Advantages of Geosynthetics Compared to Natural Materials
So why use geosynthetics to reinforce roadway construction? What are the benefits? Fist, geosynthetics provide multiple levels of saving. The provide both volume and thickness savings. Geosynthetics are thin sheets and blankets compared to the thicknesses of the layers of aggregate base and surface pavement in the roads themselves. Except in the most remote locations, they are also cheaper than an equivalent amount of soil or cement needed to perform the same function. For example, a roadway sub-grades can be strengthened by the introduction of cement mixed into the soil to a depth of a foot—or it can be reinforced by a layer of geogrid.

Manufactured to exacting quality standards, geosynthetics also provide much greater quality control and superior performance than natural materials. Even the best soil borrow source, sand pit, or aggregate quarry will provide a somewhat heterogeneous material with a gradation of soil types being present. Geosynthetics are manufactured so that each roll is identical to all other rolls delivered to the work site. Produced in regional factories and stockpiled on site or in local warehouses, geosynthetics are often more readily available in bulk quantities than natural materials. Some regions are lacking in aggregate while other sites may be deficient in clay borrow sources. Hauling bulk quantities of clay, sand and stone from a long distance can be prohibitively expensive. Sold an marketed nationally, geosynthetic prices can be consistent and predictable for each construction season and site location. Placement of geosynthetics is typically simpler and easier than dumping, spreading and compacting natural soils.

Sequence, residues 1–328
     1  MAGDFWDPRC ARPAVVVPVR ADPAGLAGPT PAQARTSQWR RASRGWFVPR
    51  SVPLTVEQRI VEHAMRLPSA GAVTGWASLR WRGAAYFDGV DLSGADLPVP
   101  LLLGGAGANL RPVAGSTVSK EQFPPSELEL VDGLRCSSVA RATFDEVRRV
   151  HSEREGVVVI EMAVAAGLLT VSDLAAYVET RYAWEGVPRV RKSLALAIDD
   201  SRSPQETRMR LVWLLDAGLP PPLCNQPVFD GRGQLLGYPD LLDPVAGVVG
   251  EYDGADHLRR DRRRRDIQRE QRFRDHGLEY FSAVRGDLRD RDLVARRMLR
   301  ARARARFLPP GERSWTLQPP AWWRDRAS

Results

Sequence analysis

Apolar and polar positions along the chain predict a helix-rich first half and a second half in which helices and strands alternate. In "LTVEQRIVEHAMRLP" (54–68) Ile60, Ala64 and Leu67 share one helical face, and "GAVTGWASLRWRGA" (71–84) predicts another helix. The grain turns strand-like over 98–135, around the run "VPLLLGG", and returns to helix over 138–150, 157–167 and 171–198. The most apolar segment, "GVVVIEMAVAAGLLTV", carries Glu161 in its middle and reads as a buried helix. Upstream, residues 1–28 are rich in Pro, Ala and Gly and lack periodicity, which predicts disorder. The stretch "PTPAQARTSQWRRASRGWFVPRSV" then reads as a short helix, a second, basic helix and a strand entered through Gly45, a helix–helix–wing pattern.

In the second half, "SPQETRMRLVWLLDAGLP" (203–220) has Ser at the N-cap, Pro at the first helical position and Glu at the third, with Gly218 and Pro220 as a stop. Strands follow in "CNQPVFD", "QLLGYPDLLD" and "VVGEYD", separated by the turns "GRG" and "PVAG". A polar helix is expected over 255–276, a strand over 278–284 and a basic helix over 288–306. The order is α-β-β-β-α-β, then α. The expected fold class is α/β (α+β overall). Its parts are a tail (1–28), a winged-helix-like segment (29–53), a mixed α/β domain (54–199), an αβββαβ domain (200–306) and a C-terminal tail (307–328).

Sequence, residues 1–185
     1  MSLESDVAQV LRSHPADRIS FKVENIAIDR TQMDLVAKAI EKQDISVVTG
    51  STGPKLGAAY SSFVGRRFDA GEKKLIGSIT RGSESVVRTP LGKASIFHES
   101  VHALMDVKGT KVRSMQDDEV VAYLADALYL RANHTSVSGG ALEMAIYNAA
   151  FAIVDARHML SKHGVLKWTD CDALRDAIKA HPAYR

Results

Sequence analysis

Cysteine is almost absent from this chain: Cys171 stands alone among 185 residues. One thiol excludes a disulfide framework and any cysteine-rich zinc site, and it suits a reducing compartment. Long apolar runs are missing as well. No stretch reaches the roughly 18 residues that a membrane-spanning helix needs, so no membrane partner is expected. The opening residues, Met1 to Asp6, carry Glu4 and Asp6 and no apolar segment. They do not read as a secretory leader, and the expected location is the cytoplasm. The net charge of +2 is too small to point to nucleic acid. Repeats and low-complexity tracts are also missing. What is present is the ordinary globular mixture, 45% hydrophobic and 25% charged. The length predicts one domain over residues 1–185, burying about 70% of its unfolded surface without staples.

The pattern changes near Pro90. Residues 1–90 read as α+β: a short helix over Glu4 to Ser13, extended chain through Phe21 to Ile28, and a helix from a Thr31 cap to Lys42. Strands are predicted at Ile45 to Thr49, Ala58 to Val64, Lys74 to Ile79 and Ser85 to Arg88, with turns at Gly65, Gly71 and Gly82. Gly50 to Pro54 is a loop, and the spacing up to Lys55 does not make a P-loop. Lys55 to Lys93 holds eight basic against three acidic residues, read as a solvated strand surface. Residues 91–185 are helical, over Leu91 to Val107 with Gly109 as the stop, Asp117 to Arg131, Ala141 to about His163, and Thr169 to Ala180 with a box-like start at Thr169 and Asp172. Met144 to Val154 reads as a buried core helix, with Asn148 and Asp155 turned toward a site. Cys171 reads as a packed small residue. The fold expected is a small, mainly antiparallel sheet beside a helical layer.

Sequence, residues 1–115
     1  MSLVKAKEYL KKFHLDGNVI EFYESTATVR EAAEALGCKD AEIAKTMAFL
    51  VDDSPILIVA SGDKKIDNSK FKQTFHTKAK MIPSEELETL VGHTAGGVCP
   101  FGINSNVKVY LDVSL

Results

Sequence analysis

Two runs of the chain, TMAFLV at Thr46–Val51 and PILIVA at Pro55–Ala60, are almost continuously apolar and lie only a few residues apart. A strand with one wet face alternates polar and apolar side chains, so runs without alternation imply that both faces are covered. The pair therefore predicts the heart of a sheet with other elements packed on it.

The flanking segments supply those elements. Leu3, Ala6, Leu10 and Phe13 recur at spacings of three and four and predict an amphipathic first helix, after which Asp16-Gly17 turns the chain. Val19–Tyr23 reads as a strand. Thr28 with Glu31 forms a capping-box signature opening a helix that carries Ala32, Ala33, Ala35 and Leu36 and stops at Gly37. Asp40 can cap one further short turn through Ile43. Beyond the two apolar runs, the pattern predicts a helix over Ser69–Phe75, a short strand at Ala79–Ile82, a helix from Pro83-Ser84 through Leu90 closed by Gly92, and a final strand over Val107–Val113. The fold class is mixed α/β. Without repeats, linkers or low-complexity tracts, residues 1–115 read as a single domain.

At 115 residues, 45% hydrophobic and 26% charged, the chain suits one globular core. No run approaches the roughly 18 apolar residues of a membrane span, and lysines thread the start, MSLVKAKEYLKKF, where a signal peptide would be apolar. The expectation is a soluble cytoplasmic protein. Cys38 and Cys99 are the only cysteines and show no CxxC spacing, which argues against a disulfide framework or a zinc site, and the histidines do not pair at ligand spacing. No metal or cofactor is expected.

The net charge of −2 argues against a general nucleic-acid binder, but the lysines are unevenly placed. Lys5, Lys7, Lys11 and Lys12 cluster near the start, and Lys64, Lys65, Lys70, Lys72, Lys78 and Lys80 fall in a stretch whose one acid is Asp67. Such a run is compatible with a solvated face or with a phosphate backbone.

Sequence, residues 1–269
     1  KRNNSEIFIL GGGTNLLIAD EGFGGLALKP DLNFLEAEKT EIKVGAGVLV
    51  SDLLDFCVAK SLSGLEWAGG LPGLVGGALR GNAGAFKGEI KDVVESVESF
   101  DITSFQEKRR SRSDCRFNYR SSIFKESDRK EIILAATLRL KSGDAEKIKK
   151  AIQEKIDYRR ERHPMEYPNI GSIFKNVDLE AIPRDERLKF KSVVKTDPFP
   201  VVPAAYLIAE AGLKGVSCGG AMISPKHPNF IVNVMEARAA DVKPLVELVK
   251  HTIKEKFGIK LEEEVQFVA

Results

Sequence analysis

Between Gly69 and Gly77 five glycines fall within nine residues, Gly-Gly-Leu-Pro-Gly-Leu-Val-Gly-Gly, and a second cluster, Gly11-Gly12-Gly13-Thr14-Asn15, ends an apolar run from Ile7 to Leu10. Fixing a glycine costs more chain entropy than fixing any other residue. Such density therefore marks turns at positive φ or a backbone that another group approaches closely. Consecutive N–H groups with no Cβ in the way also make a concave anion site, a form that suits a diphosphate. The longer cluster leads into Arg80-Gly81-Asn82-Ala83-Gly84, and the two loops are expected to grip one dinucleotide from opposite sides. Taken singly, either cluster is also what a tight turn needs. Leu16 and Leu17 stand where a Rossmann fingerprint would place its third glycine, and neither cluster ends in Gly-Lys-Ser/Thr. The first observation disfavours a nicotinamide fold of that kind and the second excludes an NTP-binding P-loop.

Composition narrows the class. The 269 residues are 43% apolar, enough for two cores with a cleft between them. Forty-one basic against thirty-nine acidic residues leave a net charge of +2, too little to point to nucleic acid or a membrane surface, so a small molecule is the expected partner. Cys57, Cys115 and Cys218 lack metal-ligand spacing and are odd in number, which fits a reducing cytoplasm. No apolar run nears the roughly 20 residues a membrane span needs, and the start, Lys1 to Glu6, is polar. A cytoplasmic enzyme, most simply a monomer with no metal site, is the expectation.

The above adds up to superior construction quality control and assurance. Starting with manufacturer’s quality control at the factory, laboratory and field tests ensure the quality of the material being used even prior to deployment. Not being dependent on thickness for overall performance, geotextile placement is easier to certify by field survey with only the limits of deployment needed to be delineated with no need to performed grid shots to ensure layer thickness.